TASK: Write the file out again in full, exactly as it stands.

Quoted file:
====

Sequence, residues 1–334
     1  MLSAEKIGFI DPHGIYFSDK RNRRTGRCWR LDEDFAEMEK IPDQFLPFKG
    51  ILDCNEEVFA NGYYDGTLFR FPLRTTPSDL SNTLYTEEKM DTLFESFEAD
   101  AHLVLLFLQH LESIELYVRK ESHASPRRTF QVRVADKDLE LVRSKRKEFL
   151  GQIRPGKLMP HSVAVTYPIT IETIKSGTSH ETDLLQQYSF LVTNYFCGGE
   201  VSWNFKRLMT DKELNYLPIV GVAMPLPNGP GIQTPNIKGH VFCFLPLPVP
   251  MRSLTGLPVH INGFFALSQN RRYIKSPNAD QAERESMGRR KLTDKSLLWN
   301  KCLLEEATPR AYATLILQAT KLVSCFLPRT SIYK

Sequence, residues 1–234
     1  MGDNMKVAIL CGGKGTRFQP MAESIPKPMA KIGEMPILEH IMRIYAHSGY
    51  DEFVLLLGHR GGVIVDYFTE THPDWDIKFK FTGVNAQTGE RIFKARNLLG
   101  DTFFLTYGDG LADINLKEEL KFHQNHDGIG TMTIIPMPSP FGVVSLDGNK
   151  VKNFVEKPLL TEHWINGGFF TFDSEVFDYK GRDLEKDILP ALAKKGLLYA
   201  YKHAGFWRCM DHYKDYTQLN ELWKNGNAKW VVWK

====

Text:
Sequence, residues 1–334
     1  MLSAEKIGFI DPHGIYFSDK RNRRTGRCWR LDEDFAEMEK IPDQFLPFKG
    51  ILDCNEEVFA NGYYDGTLFR FPLRTTPSDL SNTLYTEEKM DTLFESFEAD
   101  AHLVLLFLQH LESIELYVRK ESHASPRRTF QVRVADKDLE LVRSKRKEFL
   151  GQIRPGKLMP HSVAVTYPIT IETIKSGTSH ETDLLQQYSF LVTNYFCGGE
   201  VSWNFKRLMT DKELNYLPIV GVAMPLPNGP GIQTPNIKGH VFCFLPLPVP
   251  MRSLTGLPVH INGFFALSQN RRYIKSPNAD QAERESMGRR KLTDKSLLWN
   301  KCLLEEATPR AYATLILQAT KLVSCFLPRT SIYK

Sequence, residues 1–234
     1  MGDNMKVAIL CGGKGTRFQP MAESIPKPMA KIGEMPILEH IMRIYAHSGY
    51  DEFVLLLGHR GGVIVDYFTE THPDWDIKFK FTGVNAQTGE RIFKARNLLG
   101  DTFFLTYGDG LADINLKEEL KFHQNHDGIG TMTIIPMPSP FGVVSLDGNK
   151  VKNFVEKPLL TEHWINGGFF TFDSEVFDYK GRDLEKDILP ALAKKGLLYA
   201  YKHAGFWRCM DHYKDYTQLN ELWKNGNAKW VVWK